At a campaign event in South Carolina on Thursday, Republican presidential candidate Jeb Bush was asked how he planned to include black people in his campaign and get them to vote for him.
Bush responded, "Our message is one of hope and aspiration." But he didn't stop there. He continued: "It isn't one of division and get in line and we'll take care of you with free stuff. Our message is one that is uplifting -- that says you can achieve earned success." There it is! If you let people talk long enough, the true self will always be revealed. Not only is there a supreme irony in this racial condescension that casts black people, whose free labor helped establish the prosperity of this country and who were systematically excluded from the full benefits of that prosperity for generations, as leeches only desirous of "free stuff," this line of reasoning also infantilizes black thought and consciousness and presents an I-know-best-what-ails-you paternalism about black progress.
It echoes the trope about lazy "welfare queens," although as a report last year from the Congressional Research Service makes clear: "Historically, nonwhite women had a higher labor force participation rate than did white women. This especially held true for married women." Furthermore, although blacks are disproportionately the recipients of programs likes the Supplemental Nutrition Assistance Program, a 2013 report from the Center on Budget and Policy Priorities found that most households with at least one working-age, non-disabled adult receiving the benefit work, and of those with families, "almost 90 percent work in the prior or subsequent year." The problem isn't refusal to work, but inability to find work that is stable and pays a living wage, thereby pushing them out of need and eligibility.
Bush's comment also hints at the role of black men without acknowledging the disastrous toll racially skewed patterns of mass incarceration have taken on the fortunes of black families by disproportionately ensnaring black men.
All history and context are cast aside in support of a specious argument: That the black community is plagued by pathological dependence and a chronic, self-defeating posture of victimization.
And this is not some one-time slip of the tongue for Bush. In Bush's book written two decades ago, "Profiles in Character," he wrote: "Since the 1960s, the politics of victimization has steadily intensified. Being a victim gives rise to certain entitlements, benefits, and preferences in society.
The surest way to get something in today's society is to elevate one's status to that of the oppressed. Many of the modern victim movements -- the gay rights movement, the feminist movement, the black empowerment movement -- have attempted to get people to view themselves as part of a smaller group deserving of something from society.
It is a major deviation from the society envisioned by Martin Luther King, who would have had people judged by the content of their character and not by the color of their skin -- or sexual preference or gender or ethnicity." Not only does this completely ignore the historical and structural effect of America's endemic anti-black racism, it also misinterprets King's own understanding of this phenomenon.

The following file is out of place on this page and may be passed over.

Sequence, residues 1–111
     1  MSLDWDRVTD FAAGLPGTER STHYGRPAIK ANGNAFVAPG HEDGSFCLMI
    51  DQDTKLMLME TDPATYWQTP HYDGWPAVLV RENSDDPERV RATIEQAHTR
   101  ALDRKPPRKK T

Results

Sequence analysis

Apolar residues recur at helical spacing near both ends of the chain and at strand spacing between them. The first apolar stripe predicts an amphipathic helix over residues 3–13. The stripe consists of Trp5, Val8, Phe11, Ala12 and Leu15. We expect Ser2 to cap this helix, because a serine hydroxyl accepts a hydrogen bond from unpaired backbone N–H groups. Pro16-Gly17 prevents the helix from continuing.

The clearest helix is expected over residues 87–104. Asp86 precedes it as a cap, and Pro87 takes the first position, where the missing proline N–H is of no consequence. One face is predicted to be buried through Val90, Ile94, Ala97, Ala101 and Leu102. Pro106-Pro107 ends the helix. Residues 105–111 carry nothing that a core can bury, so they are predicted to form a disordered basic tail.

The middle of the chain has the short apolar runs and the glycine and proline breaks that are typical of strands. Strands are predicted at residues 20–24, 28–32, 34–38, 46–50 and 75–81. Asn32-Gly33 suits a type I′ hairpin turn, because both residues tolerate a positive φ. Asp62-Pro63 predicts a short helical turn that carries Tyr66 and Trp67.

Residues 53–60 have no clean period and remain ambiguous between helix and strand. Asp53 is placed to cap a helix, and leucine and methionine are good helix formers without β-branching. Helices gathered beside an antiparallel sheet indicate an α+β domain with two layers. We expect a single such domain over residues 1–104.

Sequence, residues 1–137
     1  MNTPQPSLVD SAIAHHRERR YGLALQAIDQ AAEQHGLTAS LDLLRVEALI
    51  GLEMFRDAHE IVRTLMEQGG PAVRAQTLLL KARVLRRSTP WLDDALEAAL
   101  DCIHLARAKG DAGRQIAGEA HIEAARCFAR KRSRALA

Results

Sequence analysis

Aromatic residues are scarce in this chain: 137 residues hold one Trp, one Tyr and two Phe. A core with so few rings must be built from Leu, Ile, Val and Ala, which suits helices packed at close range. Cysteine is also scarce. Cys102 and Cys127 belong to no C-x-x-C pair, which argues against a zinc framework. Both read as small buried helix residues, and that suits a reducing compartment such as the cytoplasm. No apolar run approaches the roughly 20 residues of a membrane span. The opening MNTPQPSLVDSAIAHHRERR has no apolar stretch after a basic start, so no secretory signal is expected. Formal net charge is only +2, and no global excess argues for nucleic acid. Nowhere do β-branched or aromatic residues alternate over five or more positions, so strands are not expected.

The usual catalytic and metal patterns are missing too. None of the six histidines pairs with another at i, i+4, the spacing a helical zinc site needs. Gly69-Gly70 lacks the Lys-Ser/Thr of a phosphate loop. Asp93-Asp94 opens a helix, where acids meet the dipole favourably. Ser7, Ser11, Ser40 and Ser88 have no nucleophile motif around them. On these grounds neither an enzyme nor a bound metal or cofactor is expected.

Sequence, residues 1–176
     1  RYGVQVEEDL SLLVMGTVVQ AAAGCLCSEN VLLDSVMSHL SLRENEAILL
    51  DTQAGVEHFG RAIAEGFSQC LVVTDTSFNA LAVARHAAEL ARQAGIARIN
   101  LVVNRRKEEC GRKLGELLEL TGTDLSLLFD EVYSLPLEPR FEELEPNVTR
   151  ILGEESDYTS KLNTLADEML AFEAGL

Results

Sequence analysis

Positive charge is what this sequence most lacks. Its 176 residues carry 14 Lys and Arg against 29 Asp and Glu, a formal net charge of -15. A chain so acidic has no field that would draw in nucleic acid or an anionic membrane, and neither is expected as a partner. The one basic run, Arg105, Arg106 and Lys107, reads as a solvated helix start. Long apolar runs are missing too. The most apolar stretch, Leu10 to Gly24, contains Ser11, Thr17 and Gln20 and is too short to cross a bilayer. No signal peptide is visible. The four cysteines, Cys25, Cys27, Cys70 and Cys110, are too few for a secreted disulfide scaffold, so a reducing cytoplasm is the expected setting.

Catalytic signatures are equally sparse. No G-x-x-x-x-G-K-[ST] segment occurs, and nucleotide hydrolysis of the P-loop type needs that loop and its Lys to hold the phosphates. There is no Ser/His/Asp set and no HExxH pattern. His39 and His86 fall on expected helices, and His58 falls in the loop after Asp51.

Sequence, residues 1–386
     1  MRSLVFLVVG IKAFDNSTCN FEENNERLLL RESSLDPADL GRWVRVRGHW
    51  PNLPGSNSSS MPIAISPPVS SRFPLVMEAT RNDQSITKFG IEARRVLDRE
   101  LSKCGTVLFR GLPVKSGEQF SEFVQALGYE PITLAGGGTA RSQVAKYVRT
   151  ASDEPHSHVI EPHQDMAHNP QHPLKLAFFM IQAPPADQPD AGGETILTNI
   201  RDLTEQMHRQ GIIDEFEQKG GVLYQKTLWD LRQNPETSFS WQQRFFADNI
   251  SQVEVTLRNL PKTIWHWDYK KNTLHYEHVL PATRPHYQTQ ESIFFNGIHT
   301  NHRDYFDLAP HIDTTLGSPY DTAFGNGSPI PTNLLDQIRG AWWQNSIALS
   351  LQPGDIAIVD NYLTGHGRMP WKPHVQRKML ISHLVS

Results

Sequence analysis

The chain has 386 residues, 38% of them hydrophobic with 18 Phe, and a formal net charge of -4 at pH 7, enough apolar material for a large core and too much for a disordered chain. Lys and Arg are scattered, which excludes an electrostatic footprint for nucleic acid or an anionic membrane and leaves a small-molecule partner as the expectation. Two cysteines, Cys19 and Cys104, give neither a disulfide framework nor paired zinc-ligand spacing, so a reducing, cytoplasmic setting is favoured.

As King told an audience at Stanford University in 1967, he understood that the dismantling of legal segregation was in a way, the easy part. It was the structural racism, not written in law but on in the minds of men, that was harder to change.
He blasted "large segments of white society" for being "more concerned about tranquility and the status quo than about justice, equality, and humanity." He slammed what he calls the "white backlash" for being the cause of black discontent and shouts for Black Power, rather than the result of it, calling it "merely a new name for an old phenomenon." And he declared that true integration "is not merely a romantic or aesthetic something where you merely add color to a still predominantly white power structure." You see, King wasn't naively oblivious to structural racism and how it cloistered power and inhibited mobility and equality; he was acutely aware of it and adamantly opposed to it. It wasn't about victimization, but honest appraisal. Most black people don't want America's prescriptions, pittances or pity, and never have.
James Baldwin told The Paris Review three decades ago that he refused to think of himself as a victim, and that "perhaps the turning point in one's life is realizing that to be treated like a victim is not necessarily to become one." As Baldwin explained it, "if I took the role of a victim then I was simply reassuring the defenders of the status quo; as long as I was a victim they could pity me and add a few more pennies to my home-relief check." Pity doesn't dismantle privilege, but supports it. Pity requires a perch. It rolls down. Pity reinforces imbalances of power. It can be violence operating as benevolence.
Black folk don't want "free stuff" as much as the fulfillment of the promise of freedom: true equality of access, opportunity and justice. Bush -- and America -- would do well to consider that.